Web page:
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After my first two AG recipes I was pretty pissed with my low efficiencies. Then I stopped caring about them. I upped my grain bills to account for it. At the end of the day, who cares? I still made beer. My friends that taste it all say it's great stuff.

Efficiency is just a number. The beers are delicious.

I'll work on the efficiency one step at a time.
 

Matt Up North

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I just did a brew today and got 10% better efficiency by upping my sparge water temp from 170 to 185. This really made me think that there is a hope in my AG future...

I do a 60 minute mash, 45 minute sparge with 185*F water, and 60 or 90 minute boil. I use a corona mill with some washers in between the wing nuts to help get a coarse enough grind, that is also fine.

Next thing to invest in for me is a chiller.

Good luck!
 
OP
G

GLWIII

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All, thanks for calming me down. At the end of the day it's still fun to brew and the beer tastes good and that's all that really matters. Thanks again.
 

JamesKY

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I thought that my efficiency would soar when I bought my Barley Crusher but I continued to hover around the 65% area. Until I figure out what is wrong with my process, I'm just going to up the grain bill to hit my target OG. My guess is that it's a combination of things that's keeping my efficiency low.

For example, I noticed that I was leaving about a quart of wort in the MLT because the SS braid I use wasn't creating a siphon meaning that it only drained to the level of the valve. So this past weekend I went out and bought the materials to make a new manifold out of CPVC (copper has gotten so expensive). Hopefully it will create a siphon that will allow me to extract more sugar while still hitting my required sparge volume.

In short, don't get frustrated. RDWHAHB because it's all about having fun. Do what you enjoy doing and continuously work on refining your processes. I have faith that high, consistent efficiency comes with experience and experimentation.
 

fratermus

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My effeciency is not where it needs to be right now, so I made some adjustments.
Right now i'm currently running at 64%eff so I make sure my beer smith is set appropriately and add extra base malt to get up to my target OG.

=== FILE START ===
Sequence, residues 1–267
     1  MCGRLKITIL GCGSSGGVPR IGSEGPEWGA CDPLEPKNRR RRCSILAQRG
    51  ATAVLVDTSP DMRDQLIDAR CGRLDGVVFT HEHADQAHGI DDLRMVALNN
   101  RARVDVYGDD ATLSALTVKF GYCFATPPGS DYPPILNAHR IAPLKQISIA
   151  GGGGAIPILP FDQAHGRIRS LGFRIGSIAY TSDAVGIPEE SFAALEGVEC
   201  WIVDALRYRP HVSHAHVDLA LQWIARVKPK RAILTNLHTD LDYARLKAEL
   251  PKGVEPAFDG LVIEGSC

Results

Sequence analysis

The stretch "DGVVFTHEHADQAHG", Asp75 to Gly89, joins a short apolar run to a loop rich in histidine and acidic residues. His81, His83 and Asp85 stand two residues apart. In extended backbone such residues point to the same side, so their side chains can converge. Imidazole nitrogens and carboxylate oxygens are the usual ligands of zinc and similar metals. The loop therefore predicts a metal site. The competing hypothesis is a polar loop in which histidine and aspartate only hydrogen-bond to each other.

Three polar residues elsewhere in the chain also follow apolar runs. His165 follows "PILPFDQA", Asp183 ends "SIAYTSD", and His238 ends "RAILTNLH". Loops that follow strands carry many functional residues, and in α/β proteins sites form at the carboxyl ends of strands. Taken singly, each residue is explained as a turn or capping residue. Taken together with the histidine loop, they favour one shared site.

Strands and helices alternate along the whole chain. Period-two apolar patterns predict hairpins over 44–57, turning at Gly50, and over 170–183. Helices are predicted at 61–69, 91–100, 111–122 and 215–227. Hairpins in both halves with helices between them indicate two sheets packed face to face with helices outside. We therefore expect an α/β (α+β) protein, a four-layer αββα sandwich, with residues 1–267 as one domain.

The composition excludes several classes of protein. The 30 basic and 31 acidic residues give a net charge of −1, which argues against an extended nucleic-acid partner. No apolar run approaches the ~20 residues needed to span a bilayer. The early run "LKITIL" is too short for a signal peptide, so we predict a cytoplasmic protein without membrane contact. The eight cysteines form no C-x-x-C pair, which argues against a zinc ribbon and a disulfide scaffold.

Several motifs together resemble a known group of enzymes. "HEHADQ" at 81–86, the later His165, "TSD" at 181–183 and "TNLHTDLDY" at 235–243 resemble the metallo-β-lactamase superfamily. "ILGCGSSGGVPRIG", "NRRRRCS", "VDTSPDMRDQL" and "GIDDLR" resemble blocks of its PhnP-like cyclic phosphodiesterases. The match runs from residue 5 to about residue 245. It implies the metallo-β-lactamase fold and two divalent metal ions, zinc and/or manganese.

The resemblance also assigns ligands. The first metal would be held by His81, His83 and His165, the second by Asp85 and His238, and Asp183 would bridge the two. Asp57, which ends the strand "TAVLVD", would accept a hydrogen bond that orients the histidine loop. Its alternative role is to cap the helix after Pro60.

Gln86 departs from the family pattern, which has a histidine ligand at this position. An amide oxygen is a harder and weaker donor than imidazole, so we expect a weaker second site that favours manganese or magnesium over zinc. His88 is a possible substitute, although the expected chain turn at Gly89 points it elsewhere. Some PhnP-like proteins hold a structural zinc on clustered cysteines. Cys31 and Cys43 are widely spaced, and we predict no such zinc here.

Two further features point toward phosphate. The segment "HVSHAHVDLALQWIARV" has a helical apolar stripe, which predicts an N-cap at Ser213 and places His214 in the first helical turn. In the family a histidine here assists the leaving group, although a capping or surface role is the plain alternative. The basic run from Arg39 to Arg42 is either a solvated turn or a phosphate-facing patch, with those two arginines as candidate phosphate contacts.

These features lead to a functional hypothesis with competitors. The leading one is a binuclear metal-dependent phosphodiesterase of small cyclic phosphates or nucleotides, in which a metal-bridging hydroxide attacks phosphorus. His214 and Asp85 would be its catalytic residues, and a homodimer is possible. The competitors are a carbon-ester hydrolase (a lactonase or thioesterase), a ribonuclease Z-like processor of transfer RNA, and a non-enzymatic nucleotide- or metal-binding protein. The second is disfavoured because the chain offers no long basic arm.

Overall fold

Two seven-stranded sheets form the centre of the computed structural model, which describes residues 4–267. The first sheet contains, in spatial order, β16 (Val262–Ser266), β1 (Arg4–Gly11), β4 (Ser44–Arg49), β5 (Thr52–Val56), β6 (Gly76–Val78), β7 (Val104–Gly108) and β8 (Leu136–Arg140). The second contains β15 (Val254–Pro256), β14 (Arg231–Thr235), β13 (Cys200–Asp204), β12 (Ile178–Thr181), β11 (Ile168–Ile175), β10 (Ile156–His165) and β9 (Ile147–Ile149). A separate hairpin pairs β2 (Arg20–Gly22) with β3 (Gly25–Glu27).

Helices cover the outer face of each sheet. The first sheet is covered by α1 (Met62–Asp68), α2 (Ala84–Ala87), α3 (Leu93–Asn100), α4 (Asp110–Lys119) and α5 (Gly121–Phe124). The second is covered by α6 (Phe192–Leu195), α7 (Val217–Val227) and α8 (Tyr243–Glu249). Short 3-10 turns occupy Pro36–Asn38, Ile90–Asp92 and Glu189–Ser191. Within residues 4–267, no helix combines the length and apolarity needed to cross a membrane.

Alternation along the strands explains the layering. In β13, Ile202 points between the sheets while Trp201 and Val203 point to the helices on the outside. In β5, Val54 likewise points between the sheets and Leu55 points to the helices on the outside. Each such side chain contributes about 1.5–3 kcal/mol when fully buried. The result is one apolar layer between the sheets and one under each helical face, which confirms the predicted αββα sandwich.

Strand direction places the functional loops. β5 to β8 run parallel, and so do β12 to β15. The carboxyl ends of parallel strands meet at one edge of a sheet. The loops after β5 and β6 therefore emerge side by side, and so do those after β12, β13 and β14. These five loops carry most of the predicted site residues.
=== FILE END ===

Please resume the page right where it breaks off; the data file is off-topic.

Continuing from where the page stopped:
I was listening to The Jamil Show and it sounds like JZ is no great fan of high efficiencies. I think he mentioned he comes in around 65%, believing that aiming too high is begging for extracting assorted nasties (husk tannins, etc).

Perhaps I am mischaracterizing his shows, but it may be another datapoint to consider.
 

Bobby_M

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It could also just be a case of sour grapes. Obviously if you make great beer at 65%, there's nothing to worry about but deep down, he may be wondering why he's not hitting 80%. 65% would piss me off.
 

Tankard

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I completely relate with the OP. My first AG was 64-65%, and I am worried my next brew will yield around the same. I have a list of things that I am going to do different this next time...
1) Finer crush
2) Use 5.2,
3) Pour the grain into my mash tun a little at a time, while stirring to avoid doughballs,
4) Mash for longer than 60 mins (does this risk astringency?)
5) Boil more vigorously.

If I don't get a least 70% with these additions, ..... well, I'll be pissed.
 

Bobby_M

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Bobby, what kinda MLT are you using?
Started with a 48qt rectangular cooler with braid and now use a sanke with a full false bottom. My average efficiency dropped from about 90% to 86% since I have to run a slightly thinner mash to make up for the space below the false bottom. This means less sparge volume. In any case, I can't imagine how many things I'd have to change in my process to get 65%. Maybe coarser crush, cooler sparge, single batch sparge... that sort of thing.
 

mmb